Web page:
Gerald du Maurier starred in many films and co-managed Wyndham’s Theatre for fifteen years. He became well known after starring in two plays by J. M. Barrie (the author of Peter Pan), playing both George Darling and Captain Hook in 1904. Gerald’s nephews were in fact the inspiration behind Peter Pan as well as other male characters created by Barrie, and he named his daughter Angela (Daphne’s older sister) after one of Wendy Darling’s middle names. She later went on to play Wendy Darling onstage. After growing up with an actor for a father, many of Daphne’s novels explore the concept of acting and playing a role, for instance when Rebecca’s room is depicted as having ‘the appearance of a setting on the stage.’


Her grandfather, George du Maurier, was a famous author and cartoonist

George du Maurier is best known for his cartoons in Punch, the British satirical magazine in which he targeted Victorian society, allegedly coining the popular phrases ‘good in parts’, ‘a curate’s egg’, and ‘bedside manner’. He is also famous for his novel Trilby, a stage production of which resulted in the naming of the trilby hat.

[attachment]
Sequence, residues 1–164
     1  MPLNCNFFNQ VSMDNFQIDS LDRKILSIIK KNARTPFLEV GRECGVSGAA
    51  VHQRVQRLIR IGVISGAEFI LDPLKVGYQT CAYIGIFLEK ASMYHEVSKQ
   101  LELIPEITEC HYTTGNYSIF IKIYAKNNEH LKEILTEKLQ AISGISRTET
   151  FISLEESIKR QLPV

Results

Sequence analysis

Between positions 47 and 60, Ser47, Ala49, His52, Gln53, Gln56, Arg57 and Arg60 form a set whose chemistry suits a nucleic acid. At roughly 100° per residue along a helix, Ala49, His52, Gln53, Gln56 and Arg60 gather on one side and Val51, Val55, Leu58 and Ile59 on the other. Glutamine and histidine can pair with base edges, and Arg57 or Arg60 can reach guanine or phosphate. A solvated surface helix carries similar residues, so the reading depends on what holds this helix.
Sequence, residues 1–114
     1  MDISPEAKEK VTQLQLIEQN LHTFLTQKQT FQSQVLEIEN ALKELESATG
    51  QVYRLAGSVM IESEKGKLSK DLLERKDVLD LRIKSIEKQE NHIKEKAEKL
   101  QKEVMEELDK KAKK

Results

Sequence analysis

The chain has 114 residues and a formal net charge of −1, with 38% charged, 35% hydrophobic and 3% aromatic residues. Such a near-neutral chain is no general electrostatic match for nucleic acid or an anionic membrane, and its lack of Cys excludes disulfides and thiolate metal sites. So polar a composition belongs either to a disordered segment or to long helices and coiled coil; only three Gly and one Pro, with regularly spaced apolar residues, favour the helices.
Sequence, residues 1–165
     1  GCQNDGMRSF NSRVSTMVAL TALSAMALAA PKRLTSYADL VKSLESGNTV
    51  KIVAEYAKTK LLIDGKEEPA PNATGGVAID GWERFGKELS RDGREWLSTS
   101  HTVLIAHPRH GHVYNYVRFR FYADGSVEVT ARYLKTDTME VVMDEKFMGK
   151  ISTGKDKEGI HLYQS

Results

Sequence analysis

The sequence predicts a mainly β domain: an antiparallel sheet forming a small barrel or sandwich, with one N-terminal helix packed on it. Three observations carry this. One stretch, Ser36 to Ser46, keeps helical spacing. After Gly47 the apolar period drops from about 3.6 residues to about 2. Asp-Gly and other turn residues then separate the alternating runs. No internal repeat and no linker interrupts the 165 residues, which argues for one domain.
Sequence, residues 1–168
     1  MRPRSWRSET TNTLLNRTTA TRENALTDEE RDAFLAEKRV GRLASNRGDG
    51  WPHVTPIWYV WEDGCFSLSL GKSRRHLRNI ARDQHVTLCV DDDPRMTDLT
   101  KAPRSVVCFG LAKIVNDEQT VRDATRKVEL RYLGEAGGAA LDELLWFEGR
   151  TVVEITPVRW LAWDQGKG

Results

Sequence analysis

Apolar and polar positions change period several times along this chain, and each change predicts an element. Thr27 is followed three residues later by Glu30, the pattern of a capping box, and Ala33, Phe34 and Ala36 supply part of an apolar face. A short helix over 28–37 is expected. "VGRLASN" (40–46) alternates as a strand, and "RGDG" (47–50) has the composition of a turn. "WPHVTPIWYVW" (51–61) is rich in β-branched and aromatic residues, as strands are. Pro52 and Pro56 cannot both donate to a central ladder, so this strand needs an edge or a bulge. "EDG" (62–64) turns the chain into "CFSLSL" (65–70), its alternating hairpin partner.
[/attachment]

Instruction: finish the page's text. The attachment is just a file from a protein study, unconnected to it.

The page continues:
Daphne wrote a science fiction novel all about time travel

Published in 1969, The House on the Strand is the story of Richard Young as he offers to test his friend’s newly developed drug and ends up travelling back in time to 14th Century Cornwall, taking several ‘trips’ back into the lives of people long dead. Daphne herself believed in the powers of the unconscious mind and was open to the idea of ghostly presences, as well as the retention of past impressions within buildings, which is explored within the novel.


She had a strong interest in the Brontës

Many of du Maurier’s novels mimic the gothic elements of the Brontës’ writing, in particular creepy settings such as Jamaica Inn which strongly resembles both Wuthering Heights and Thornfield Hall. Furthermore, Daphne wrote The Infernal World of Branwell Brontë in 1960: a biography all about Charlotte, Emily, and Anne’s less famous and often unknown brother.


She found her dream house in a derelict state, and decided to move in